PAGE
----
The Physical and Emotional Balance of Having a Baby

Taking Care of Your Postpartum Body and Mind

African American woman sleeping with her baby

Ariel Skelley/DigitalVision/Getty Images


When you have a baby, you may feel like you should take all of your focus and aim it at your new baby. After all, your newborn is entirely dependent on you for food, comfort, shelter, and so much more. But putting all your focus on baby and not paying attention to your own health and wellness would be a mistake. Having a baby doesn’t turn you into a magical superhero without needs.

You’ll be recovering physically from childbirth. For example, you may have aches and pains from the hard work of labor. You may have perineum stitches or an incision from a Cesarean birth. Because your body has spent the past 40 weeks giving your baby nutrients to grow, you’ll also be recovering from the pregnancy. If you’re breastfeeding, this comes with its own set of challenges.

You’ll be recovering emotionally—having a baby is a huge life changer. Even if this is your second or third or sixth baby, you have an additional person to take care of. Roles change; routines are shifted (or turned upside down). Your daily life will be strongly affected.

Paying attention to both your physical and emotional health is essential. Your physical wellness will impact your emotions and vice versa. Both affect your ability to care for and interact with your baby.

Childbirth Recovery and the Early Postpartum Days

Step one to taking care of your complete self is to understand what’s going on with your body and mind. There’s a lot going on those first postpartum days, weeks, and months. In the early days postpartum, your physical recovery and challenges may include:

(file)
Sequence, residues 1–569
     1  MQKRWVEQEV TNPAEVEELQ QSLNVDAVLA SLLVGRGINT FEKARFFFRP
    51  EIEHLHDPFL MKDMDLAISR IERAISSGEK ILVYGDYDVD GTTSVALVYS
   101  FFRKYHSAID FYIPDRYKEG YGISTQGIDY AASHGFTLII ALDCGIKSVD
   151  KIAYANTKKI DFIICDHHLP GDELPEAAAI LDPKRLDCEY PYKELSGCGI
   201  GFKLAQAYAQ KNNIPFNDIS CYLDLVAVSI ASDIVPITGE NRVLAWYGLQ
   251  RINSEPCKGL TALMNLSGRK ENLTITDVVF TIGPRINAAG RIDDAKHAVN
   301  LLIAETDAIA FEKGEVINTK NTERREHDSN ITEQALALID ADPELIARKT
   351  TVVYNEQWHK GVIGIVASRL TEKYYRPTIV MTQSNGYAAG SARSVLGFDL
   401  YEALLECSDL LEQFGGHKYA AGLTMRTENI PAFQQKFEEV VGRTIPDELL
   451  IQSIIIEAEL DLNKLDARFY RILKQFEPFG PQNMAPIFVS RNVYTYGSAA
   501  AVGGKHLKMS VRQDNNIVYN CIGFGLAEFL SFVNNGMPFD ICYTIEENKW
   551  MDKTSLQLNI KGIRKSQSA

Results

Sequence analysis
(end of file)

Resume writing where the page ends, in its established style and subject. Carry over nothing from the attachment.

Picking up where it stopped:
• General aches and pains from the hard work of labor and delivery
  • Incision pain, if you had a cesarean section
  • Afterpains, which are uterine contractions that occur in the first few days after birth
  • Lochia, or vaginal postpartum bleeding; it isn’t painful, but needing to wear huge menstrual pads can be uncomfortable
  • Episiotomy or vaginal tear pain; the area can be sore, making sitting painful
  • Hemorrhoids, especially if you had a vaginal delivery
  • Nipple sensitivity and pain, especially if you struggle with getting your newborn to latch properly
  • Breast engorgement, especially if you’re not breastfeeding
  • Fatigue or exhaustion, from both the physical and emotional work of childbirth and the new challenge of taking care of a baby in the middle of the night

In the early days postpartum, your emotional recovery and challenges may include:

  • The "baby blues," a popularized term for mood swings, sadness, or anxiety you may feel just after having a baby.
  • Lack of confidence in your ability to care for the newborn, even if it’s not your first baby
  • Uncertainty about your new daily routines and how you’re going to "do it all”
  • Disappointment or feelings of shame if the birth didn’t go the way you hoped
  • Worry that you’re not bonding with your baby the way you should”

Postpartum Physical and Mental Health in the First Months

What about in the early weeks and months of recovery and life with your baby? Physical challenges or discomforts you may experience in the first few months postpartum include:

  • Fatigue or exhaustion from disrupted sleep patterns. It can be made worse by postpartum anemia or vitamin deficiencies.
  • Continued postpartum vaginal bleeding and spotting, which can last for a month or a little longer (though it should slow down after the first week)
  • Back pain and other body aches from holding and caring for your baby
  • Feeling extra hungry or thirsty, especially when breastfeeding
  • Being more susceptible to colds and illnesses, and possibly taking longer to recover when you do get sick
  • Painful intercourse, whenever you’re cleared to have sex again